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Convicted Wading River Ponzi schemer indicted — again

Alice Belmonte

A disbarred Wading River attorney previously convicted in a $4 million real estate Ponzi scheme was indicted last month for wire fraud in connection with an alleged theft that occurred prior to her conviction, according to a federal indictment.

Alice Belmonte, 49, bilked two California real estate investment companies out of approximately $1.8 million in March 2013, according to a May 12 grand jury indictment. Her latest arrest came just over one month after she was released from prison, New York State Division of Parole records show.

Ms. Belmonte had pleaded guilty in July 2014 to felony larceny, forgery and theft charges stemming from a foreclosure scam in which prosecutors said she forged contracts, faked e-mails from banks and signed her victims’ names for them while she bought new cars and took vacations to California with the stolen funds.

She was sentenced to serve three to 9 years in state prison, but was granted an early release on April 11, state records show.

At her latest arraignment in Eastern District Court of New York May 19, Ms. Belmonte pleaded not guilty to two charges of wire fraud and was released on a $500,000 bond, court records show.

A company connected to her most recent arrest, which was not named in the indictment, has alleged that $1.8 million it had wired to an escrow account Ms. Belmonte set up for real estate investments was redirected in March 2013 to her personal bank account after she forged “fraudulent disbursement instructions” in the name of one of the companies to the escrow company involved in the transaction.

Ms. Belmonte’s attorney, Brian Waller of Manhattan, declined comment on the charges Monday.

Prior to her initial arrest in October 2013, Ms. Belmonte was a sole practitioner, with offices in New York City and on Long Island specializing in real estate purchases and investments.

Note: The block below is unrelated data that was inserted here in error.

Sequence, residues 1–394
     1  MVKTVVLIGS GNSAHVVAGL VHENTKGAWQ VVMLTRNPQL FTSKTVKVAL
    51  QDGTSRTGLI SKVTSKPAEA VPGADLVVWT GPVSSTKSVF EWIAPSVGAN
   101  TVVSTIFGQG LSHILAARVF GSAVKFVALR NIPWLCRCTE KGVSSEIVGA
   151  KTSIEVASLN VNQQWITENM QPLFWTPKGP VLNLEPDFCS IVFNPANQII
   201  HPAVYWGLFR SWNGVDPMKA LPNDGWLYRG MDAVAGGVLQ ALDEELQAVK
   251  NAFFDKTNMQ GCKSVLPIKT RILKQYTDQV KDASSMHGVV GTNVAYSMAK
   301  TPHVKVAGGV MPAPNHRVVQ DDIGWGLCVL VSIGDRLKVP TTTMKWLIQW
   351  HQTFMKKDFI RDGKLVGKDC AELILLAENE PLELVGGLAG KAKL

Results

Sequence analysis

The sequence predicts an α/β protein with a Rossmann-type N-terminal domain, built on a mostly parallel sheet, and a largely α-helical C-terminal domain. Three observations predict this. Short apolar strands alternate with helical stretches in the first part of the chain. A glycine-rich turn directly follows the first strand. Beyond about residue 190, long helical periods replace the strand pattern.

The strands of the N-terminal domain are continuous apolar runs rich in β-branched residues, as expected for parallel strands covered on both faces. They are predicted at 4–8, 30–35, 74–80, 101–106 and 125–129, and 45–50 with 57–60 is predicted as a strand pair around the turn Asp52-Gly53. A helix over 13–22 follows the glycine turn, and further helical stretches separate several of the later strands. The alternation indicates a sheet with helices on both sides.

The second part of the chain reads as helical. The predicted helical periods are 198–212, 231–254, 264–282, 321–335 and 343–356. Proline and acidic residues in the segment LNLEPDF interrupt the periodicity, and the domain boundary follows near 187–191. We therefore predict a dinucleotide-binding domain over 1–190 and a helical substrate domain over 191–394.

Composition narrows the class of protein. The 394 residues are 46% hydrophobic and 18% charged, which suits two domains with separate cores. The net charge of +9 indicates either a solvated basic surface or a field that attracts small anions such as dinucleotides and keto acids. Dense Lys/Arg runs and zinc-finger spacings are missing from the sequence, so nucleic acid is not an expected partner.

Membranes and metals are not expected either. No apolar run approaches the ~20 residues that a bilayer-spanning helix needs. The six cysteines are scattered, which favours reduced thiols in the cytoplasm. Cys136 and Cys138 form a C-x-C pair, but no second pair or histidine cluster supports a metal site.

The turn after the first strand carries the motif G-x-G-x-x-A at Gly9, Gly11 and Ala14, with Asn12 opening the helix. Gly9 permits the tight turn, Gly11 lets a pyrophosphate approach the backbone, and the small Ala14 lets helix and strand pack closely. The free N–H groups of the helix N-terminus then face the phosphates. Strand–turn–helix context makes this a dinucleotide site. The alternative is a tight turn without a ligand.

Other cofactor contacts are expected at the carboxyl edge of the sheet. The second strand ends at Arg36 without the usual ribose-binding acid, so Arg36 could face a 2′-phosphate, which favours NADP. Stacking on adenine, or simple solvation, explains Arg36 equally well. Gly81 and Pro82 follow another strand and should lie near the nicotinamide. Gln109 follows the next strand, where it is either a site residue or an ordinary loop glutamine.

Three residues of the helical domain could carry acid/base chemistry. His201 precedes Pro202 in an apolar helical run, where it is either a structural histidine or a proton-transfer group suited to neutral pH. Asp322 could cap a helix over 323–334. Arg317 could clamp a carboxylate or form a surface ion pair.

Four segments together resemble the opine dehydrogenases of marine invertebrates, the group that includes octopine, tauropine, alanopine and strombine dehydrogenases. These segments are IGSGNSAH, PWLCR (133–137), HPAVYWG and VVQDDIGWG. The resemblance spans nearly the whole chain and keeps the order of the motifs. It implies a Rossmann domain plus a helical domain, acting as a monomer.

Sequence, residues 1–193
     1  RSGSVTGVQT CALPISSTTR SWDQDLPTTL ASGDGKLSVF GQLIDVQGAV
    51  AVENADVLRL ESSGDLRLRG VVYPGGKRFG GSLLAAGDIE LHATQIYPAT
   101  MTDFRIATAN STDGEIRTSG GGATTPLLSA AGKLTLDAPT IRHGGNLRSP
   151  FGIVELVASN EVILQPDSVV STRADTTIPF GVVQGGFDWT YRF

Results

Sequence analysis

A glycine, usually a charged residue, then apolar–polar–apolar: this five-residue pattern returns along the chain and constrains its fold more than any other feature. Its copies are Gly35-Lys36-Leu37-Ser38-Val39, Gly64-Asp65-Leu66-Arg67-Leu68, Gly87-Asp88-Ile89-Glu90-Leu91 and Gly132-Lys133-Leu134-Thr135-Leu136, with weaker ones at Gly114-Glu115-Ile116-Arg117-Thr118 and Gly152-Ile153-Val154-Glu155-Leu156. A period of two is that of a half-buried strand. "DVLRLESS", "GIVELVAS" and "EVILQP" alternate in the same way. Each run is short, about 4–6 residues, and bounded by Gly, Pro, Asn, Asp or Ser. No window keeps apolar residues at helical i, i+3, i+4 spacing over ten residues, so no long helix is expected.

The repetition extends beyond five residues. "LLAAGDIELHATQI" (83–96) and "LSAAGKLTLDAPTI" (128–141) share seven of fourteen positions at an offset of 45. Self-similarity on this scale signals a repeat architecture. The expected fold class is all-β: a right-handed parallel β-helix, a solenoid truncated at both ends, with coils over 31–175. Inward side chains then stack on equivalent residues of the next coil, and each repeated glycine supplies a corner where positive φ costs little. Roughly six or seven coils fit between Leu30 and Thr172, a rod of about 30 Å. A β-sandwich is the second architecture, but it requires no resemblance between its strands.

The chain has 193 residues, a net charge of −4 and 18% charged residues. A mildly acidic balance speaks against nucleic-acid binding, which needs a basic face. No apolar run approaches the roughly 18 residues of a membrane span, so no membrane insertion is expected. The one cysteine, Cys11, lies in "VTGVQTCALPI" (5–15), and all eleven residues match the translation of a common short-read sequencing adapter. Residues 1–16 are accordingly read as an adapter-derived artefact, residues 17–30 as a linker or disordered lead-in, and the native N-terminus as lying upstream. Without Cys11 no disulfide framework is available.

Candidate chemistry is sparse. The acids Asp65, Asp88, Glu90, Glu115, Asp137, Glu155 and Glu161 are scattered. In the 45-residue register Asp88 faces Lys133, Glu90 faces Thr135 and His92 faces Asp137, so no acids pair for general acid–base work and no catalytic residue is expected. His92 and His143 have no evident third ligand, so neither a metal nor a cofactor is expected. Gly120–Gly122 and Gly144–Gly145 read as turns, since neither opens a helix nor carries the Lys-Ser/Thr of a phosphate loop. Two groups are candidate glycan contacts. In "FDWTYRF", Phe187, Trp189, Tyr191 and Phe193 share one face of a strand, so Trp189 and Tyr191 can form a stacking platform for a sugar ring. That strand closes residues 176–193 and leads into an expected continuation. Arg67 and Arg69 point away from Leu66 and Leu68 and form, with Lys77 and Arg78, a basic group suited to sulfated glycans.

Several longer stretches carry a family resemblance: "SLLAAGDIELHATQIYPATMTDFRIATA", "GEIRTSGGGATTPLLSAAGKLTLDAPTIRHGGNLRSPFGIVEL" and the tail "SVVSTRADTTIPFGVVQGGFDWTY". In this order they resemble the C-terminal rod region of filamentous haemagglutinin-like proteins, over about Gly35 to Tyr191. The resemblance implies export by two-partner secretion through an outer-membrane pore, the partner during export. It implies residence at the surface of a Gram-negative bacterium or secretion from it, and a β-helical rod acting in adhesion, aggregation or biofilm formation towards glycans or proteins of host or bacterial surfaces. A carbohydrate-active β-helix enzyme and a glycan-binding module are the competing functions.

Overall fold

She told victims she had contacts with banks involved in real estate owned-listings, better known as foreclosures, that failed to sell at auction and were owned by lenders, according to records from her previous arrest.

That scheme started in 2011, when Ms. Belmonte told investors that all they had to do was deposit money in her escrow account as “proof of funds” to let her prove to the foreclosure listing owners she could close the deal, according to the documents.

She reportedly stole from 10 victims at the time, starting with a group of investors from Florida in late 2011. According to prosecutors, she secured contracts with each of the victims over the next several months, asking them to wire $3.6 million in total into her escrow account, court records show. Within days, the invested money had been taken out — in some cases on the same day it was deposited by her victims — and then held in other bank accounts run by Ms. Belmonte, which were later used to repay other investors lined up in the scheme.

In a 2013 state Supreme Court proceeding tendering her resignation as an attorney after 20 years, Ms. Belmonte admitted she “could not defend herself on the merits” of those charges. Her resignation was accepted and she was disbarred.

Ms. Belmonte is due back in court before Judge Leonard Wexler on June 29.

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Photo credit: New York State Department of Corrections and Community Supervision